Builtin Object Token:Security Communication Root CA          C,C,C
Builtin Object Token:Sonera Class 1 Root CA                  C,C,C
Builtin Object Token:Sonera Class 2 Root CA                  C,C,C
Builtin Object Token:Staat der Nederlanden Root CA           C,C,C
Builtin Object Token:TDC Internet Root CA                    C,C,C
Builtin Object Token:TDC OCES Root CA                        C,C,C
Builtin Object Token:UTN DATACorp SGC Root CA                C,p,p
Builtin Object Token:UTN USERFirst Email Root CA             p,C,p
Builtin Object Token:UTN USERFirst Hardware Root CA          C,p,p
Builtin Object Token:UTN USERFirst Object Root CA            p,p,C

Frank, since the AOL folks are out for a few days, I'm going to 
let you approve (or not) the changes based on the above certutil 
output.  If you approve, then I will checkin tonight when I get home.
I'm sorry, I won't be able to review this in time for you to check it in
tonight. I'll look at it tomorrow morning. One question: could you please
explain the representation of the trust bits (e.g., "C,p,C")?  (I guess I could
look at the certuil docs -- please feel free to provide a URL and tell me to RTFM.)
Nelson, thanks for the explanation via email re the "C" and "p". For the rest of
the world, here's what's going on: The 'p's are somewhat spurious; in this
context they simply mean that the trust bit for a particular purpose is not set.
The 'C' is the important bit (pardon the pun). A setting of 'C,C,C' means the
root CA certificate is "trusted" (in a NSS/Mozilla/etc. context) for all
purposes. 'C,p,p' means trusted for SSL server purposes only, 'p,C,p' means
trusted for S/MIME email purposes only, and 'p,p,C' means trusted for object
signing only.

Now on to the certs themselves. All names look OK, the only remaining question
is the trust bits on the UTN certs. This is a balance between the technical
considerations of limiting trust to the types of certificate that the CA has
traditionally issued and is likely to issue in the furure, and the more
marketing consideration of giving CAs the latitude to expand the types of certs
they issue without having to go back to us to have trust bits changed.

We've been relatively liberal in the past in marking trust bits as requested by
CAs, often setting trust bits to 'all' as requested even in cases where it was
apparent that the CA never had issued a particular type of cert and never was
likely to. I believe we need to tighten this up, but I also think it's unfair to
Comodo/UTN to make them the test case on this, in large part I've never been
that explicit in what our policy actually was, nor have I been rigorous in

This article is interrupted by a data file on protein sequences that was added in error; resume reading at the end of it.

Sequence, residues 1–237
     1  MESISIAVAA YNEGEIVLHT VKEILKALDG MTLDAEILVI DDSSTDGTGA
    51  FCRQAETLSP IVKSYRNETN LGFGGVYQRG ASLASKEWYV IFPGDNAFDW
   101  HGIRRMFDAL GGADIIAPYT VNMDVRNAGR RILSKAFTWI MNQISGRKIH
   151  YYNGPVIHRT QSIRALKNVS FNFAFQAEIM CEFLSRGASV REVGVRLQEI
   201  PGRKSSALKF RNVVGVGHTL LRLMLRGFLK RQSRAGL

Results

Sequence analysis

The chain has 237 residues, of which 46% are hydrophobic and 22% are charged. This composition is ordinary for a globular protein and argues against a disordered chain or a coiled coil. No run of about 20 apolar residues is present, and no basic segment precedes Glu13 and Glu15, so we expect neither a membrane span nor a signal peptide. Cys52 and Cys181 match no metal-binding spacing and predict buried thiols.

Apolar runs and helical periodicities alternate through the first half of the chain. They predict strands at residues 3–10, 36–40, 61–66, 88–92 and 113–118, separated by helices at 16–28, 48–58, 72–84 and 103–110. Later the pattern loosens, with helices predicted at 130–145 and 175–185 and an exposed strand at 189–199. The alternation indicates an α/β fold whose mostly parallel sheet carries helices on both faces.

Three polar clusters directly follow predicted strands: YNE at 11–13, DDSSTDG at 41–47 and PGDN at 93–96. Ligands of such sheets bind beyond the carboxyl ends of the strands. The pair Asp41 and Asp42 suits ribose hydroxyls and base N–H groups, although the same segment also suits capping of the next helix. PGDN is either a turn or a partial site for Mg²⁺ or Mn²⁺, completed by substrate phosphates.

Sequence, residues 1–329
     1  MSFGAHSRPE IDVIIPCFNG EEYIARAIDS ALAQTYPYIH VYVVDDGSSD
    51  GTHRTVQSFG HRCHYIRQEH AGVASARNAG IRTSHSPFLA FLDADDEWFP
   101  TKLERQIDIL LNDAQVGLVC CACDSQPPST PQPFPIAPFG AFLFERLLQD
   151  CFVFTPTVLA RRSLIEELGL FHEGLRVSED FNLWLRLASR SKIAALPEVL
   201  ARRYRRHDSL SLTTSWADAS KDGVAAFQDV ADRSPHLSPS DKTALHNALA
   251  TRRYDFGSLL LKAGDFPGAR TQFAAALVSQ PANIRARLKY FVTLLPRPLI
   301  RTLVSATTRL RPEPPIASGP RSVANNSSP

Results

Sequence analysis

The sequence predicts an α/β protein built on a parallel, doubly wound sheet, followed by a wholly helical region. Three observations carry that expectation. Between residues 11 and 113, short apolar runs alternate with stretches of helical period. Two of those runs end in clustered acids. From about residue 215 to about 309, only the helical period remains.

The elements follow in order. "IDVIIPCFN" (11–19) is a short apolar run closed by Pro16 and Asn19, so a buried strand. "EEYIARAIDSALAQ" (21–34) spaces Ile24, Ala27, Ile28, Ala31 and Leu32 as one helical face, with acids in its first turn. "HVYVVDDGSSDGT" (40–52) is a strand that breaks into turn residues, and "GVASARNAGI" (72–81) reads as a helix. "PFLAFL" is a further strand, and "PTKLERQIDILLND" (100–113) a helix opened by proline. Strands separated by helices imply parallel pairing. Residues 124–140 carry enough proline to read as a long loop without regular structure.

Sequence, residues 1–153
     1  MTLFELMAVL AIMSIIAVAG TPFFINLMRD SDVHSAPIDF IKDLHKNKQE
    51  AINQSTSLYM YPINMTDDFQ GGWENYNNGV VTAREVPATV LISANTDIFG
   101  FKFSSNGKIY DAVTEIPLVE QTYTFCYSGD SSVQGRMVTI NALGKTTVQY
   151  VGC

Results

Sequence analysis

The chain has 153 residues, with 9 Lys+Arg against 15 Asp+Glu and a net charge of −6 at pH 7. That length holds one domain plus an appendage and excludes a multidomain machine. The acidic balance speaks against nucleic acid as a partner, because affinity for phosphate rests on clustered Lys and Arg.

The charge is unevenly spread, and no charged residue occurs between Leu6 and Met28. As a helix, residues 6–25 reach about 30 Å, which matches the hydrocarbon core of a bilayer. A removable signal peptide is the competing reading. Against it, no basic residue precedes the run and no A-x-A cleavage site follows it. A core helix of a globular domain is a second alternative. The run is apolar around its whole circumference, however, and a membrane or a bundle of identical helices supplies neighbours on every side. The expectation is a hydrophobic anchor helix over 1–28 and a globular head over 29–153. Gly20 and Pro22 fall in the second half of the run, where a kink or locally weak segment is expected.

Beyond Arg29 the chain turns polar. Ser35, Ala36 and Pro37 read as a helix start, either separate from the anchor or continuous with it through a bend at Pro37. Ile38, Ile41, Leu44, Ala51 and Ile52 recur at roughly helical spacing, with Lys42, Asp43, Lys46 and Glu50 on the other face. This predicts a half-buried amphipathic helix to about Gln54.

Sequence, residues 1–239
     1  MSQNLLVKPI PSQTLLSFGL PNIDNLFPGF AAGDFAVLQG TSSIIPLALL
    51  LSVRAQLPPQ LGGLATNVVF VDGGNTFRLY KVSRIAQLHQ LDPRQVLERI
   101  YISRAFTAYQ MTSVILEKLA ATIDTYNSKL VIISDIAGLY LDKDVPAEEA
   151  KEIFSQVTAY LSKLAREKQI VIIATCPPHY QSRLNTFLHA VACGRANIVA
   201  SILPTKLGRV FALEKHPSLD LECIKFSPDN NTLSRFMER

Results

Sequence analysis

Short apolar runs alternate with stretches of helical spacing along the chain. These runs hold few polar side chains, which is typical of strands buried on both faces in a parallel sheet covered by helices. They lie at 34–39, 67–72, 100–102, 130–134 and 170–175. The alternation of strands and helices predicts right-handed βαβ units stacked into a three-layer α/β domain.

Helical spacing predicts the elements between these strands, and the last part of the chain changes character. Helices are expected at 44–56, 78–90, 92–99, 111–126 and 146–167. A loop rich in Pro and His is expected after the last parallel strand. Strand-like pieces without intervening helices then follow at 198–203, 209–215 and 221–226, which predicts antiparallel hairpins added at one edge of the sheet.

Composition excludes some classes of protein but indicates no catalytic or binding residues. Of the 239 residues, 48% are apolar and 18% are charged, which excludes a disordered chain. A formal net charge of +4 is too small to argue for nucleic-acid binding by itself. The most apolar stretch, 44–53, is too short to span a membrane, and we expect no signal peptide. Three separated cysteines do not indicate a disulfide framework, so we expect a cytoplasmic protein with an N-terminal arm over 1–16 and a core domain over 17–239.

enforcing a policy. Also, Comodo/UTN has been more helpful than most CAs in
providing the detailed information about their CAs' uses needed to set trust
bits, and thus somewhat perversely they're being held to a tighter standard than
CAs who are not so forthcoming.

So, Nelson, in the short-term I'm approving this patch, with the exception that
I'd like you to set the trust bits for the UTN CAs to 'all' ('C,C,C') as is
being done for the other CAs.

In the longer-term I want us to tighten up our policy on trust bits, and make
our policy more explicit. I think this entails at least two things:

First, I will make a concerted effort up-front to determine the purposes for
which a CA is being used, and then recommend setting trust bits to the minimum
necessary to match those purposes. If a CA isn't providing enough information to
make this determination then I will hold up approval until it does.

Second, we need to plan how we're going to quickly change trust bits as needed
in order to reflect new circumstances. This might include turning trust bits off
to address potential security issues, or turning them on to reflect expansion in
the types of certs issued by a CA. For the foreseeable future we'll need to do
this via new releases of NSS and update releases of Mozilla, et.al., but maybe
we can do better than that at some point, e.g., through some sort of dynamic
update mechanism. (I've already mentioned this in relation to speeding the
addition of new CA certs.)

One point brought up by the Comodo/UTN folks was that for an organization
running multiple root CAs, it might be necessary for one of the CAs to take over
functions for another of the CAs, e.g., in the event that one of the root CA
certs had to be revoked; thus it would be better it set trust bits to 'all' for
all the organization's CAs. Notwithstanding my recommendation above re the UTN
root certs, I don't really accept this argument: If a CA has problems sufficient
to revoke its root cert, then we'd presumably treat this like other potential
security vulnerabilities and release an updated version of NSS and then Mozilla,
etc., to correct the problem, and we could update trust bits for an
organization's other CAs at the same time.

The major counter-argument I can see is that it might take some time to do the
update, and in the meantime the other CAs wouldn't be able to fully take over
the revoked CA's functions as far as Mozilla users were concerned. This
reinforces the idea of planning for quick updating of CA-related information.
Frank, UTN certs all have extensions in them that say precisely what they're
valid for.  MOST PKI software in the world will honor those self-imposed 
limitations.  That's a safety feature of X.509 PKI hierarchies.  It means
that if the CA ever issued a cert and forgot to limit the uses of that 
cert with an EKU, the abilities of that cert will nonetheless be limited
according to the STATED PURPOSE of the issuing CA.  

Our trust flags are capable of being overrides.  They can give a cert 
abilities that are not listed on its face.  In this case, you're asking
me to override the limitations that are built into all the UTN root CA
certs themselves.

As I explained in comment 9 above, if UTN has published ANY EE (leaf, 
end-user) certs that do NOT have EKU extensions that explicitly prohibit
their use as code signing certs, and we apply the requested trust flags
to their roots, then we will have just turnd all those (say) email